I would expect that the power source would be connected to the common connection of the two coils. The other end of one of the coils would be connected through a resistor to ground as a reference. The other end of the second coil would be connected to the sending unit. If the two coils have the same number of turns, the resistance of the reference resistor would be equal to the resistance of the sending unit when the indicator is at half scale.

The reference resistor could be eliminated by using smaller wire and/or resistance wire in the coil connected to ground.

The coil in series with the sending unit may also have a substantial resistance. If this is the case, the voltage on the sending unit could be compared with the voltage from a voltage divider connected between the power source and ground. This would create a Wheatstone Bridge which would be balanced at one value of sending unit resistance. A comparator can easily detect this point. If the input impedance of the comparitor is much higher than the sending unit resistance, the gauge would function normally.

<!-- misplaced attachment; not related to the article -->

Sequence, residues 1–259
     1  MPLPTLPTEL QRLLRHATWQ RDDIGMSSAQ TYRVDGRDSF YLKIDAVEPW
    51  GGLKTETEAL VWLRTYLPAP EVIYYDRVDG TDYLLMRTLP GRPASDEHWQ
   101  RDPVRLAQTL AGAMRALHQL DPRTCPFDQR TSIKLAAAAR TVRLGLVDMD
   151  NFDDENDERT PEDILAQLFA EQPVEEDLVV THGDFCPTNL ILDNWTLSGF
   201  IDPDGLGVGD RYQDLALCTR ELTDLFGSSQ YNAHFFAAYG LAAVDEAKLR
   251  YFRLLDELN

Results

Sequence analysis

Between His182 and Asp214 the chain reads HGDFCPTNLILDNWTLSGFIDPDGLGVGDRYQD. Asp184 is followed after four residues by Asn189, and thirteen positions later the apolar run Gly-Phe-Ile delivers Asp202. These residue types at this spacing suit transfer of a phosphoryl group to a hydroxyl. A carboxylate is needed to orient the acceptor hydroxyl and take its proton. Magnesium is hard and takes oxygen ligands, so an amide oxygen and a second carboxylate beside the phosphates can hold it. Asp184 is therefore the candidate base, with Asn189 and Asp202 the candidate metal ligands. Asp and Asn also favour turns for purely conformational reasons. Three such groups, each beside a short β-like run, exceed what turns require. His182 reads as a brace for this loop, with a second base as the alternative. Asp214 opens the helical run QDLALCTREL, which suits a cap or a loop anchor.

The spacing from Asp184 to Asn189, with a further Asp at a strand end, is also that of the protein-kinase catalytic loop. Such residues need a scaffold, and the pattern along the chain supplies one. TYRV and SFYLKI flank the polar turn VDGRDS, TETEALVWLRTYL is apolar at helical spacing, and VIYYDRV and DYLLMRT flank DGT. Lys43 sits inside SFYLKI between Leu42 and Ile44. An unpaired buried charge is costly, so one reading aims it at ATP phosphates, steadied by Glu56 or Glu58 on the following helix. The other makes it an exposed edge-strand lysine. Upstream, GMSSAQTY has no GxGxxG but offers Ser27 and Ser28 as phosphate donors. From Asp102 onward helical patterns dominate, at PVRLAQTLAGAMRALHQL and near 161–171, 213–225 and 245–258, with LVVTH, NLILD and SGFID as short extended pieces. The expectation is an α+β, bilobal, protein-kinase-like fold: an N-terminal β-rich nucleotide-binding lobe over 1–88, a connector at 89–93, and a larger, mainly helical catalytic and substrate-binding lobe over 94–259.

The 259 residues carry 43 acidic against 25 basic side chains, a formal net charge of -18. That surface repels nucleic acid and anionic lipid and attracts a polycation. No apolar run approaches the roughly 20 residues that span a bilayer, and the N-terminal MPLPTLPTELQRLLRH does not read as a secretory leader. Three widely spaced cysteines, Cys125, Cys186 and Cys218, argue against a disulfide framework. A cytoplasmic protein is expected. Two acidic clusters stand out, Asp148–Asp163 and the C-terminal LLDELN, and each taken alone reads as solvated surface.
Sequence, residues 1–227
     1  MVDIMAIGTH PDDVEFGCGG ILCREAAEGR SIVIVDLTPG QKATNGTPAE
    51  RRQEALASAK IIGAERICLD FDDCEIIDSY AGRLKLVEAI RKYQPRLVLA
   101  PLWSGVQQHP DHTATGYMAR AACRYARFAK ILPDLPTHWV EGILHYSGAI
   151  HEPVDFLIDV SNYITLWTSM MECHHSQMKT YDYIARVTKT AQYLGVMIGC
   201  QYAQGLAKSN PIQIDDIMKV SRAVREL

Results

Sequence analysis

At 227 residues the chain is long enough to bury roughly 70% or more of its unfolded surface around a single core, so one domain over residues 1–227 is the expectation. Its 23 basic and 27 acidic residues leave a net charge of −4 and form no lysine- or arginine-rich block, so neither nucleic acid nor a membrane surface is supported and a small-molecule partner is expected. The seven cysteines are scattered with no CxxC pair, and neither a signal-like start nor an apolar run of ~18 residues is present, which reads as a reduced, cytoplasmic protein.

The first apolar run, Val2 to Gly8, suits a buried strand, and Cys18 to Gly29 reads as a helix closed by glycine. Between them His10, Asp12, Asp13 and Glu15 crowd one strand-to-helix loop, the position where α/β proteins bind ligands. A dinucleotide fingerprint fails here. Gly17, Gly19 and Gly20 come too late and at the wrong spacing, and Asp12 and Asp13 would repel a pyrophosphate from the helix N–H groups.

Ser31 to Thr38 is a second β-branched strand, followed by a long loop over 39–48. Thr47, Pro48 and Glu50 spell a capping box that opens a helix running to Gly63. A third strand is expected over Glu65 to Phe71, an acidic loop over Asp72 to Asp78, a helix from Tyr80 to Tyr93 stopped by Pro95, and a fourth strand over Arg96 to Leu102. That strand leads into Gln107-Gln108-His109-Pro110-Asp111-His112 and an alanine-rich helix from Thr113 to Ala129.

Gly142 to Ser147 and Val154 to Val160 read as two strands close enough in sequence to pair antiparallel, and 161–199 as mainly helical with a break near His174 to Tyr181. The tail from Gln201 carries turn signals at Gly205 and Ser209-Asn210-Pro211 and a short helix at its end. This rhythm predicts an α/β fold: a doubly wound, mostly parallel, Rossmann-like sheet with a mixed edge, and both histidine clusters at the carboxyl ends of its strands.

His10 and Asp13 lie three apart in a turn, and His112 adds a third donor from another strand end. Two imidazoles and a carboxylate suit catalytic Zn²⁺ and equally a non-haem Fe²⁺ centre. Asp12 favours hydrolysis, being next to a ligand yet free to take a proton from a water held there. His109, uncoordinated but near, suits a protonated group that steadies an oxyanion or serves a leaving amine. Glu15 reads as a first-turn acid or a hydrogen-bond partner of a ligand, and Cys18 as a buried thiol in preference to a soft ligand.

This gauge may be designed for a 6 volt electrical system and might burn out if operated on higher voltages. An appropriate zener diode in series with the supply voltage would allow operation on higher voltages.

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dacflyer
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Re: low fuel alert

Post by dacflyer » Wed Mar 23, 2011 3:36 pm

actually the gauge i described is what was used on many AMC type vehicles and a few others.
the gauges can be bought at O'Reilly's Auto Parts.
http://www.iequus.com/Product/Search part # 7363
nice video there also..
and yes, it is 12 volts operated.